Clap When You Land by Elizabeth Acevedo
Published by HarperTeen on May 5th, 2020
Genres: Contemporary, Poetry, Young Adult
“Fight until you can’t breathe, & if you have to forfeit, you forfeit smiling, make them think you let them win.”
Elizabeth Acevedo is such a shining light in the YA community. She always brings something refreshing to each novel. And I love her style of poetry/prose.
In Clap When You Land, Camino Rios lives for the summers when her father visits her in the Dominican Republic. But this time, on the day when his plane is supposed to land, Camino arrives at the airport to see crowds of crying people.
In New York City, Yahaira Rios is called to the principal’s office, where her mother is waiting to tell her that her father, her hero, has died in a plane crash.
Separated by distance—and Papi’s secrets— the two girls are forced to face a new reality in which their father is dead and their lives are forever altered. And then, when it seems like they’ve lost everything of their father, they learn of each other.
I’m declaring now that I will read anything Acevedo writes.
Her unique style of prose poetry in the form of a novel has yet to not land with me.
She’s the master of creating beautiful sentences that make your heart stop because you know exactly the emotion she’s describing.
Her verse is such a delight to experience. I just know that I’m always going to enjoy her writing even if I don’t gel with the story.
I appreciated the basis for this story bringing attention to a little known tragedy that affected so many families. It’s crazy to think that I grew up knowing about September 11th, but had never heard even the tiniest bit of information about American Airlines flight 587.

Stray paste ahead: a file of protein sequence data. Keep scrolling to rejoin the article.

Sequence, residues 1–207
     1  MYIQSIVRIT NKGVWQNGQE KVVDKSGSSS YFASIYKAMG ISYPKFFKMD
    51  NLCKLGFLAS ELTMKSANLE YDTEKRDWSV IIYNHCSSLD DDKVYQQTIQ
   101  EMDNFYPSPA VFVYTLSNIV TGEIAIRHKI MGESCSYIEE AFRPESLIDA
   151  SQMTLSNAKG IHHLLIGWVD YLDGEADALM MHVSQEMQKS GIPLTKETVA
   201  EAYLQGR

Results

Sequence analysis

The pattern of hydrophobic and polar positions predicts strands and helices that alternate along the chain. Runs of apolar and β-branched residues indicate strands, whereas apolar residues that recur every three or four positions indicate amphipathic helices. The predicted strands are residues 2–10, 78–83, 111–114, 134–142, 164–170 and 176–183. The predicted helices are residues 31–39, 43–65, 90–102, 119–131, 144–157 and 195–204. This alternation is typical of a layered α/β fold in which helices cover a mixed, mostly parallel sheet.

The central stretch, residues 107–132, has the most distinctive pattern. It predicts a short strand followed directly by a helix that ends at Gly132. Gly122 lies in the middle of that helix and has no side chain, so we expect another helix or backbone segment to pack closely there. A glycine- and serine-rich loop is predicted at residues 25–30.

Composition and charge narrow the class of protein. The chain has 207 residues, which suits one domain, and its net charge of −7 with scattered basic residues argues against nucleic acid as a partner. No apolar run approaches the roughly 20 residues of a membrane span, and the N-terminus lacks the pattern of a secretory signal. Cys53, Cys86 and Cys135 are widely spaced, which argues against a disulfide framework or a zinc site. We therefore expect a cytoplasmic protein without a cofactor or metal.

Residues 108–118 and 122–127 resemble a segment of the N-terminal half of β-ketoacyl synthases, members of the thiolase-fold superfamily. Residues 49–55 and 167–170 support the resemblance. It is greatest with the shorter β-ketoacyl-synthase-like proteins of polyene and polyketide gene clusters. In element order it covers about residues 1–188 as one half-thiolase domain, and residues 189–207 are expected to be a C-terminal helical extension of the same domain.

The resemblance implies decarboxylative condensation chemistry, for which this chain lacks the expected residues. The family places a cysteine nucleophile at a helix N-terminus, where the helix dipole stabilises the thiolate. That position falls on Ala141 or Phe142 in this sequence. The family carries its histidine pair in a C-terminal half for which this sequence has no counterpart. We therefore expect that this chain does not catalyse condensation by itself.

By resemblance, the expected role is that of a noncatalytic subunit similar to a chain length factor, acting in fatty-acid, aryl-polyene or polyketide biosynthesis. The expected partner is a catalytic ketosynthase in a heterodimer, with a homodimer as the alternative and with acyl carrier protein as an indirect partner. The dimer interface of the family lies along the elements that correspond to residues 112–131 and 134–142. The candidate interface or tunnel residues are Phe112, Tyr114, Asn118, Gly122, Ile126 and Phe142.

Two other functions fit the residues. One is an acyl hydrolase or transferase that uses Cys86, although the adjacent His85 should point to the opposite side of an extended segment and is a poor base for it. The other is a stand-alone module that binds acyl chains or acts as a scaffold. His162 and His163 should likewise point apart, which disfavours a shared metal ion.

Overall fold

I also enjoyed reading the story with duo perspectives. I’m such a sucker for sister stories and I’m glad Acevedo listened to her friend who encouraged her to write from the perspectives of both sisters.
It also brought a level of depth to the story.
You could see that despite living different lives, Camino and Yahaira are two sides of the same coin. Their experiences balance each other quite nicely.
My only sticking point is that pacing of the novel was all over the place. I didn’t mind that it was slower in the beginning, but it felt like the novel suddenly switched into high gear around the last 30% of the book.
Itw as jarring to suddenly have the back half of the book crammed with events. I wish Acevedo had spent more time focusing on the girls interacting with each other.
I would have even liked if they interacted with each other more over the phone, while spending time in DR together, their life post-tragedy together, etc.
While this isn’t my favourite from Acevedo, I still loved reading Clap When You Land. Anything she writes is still outstanding even if I don’t completely fall in love with it.
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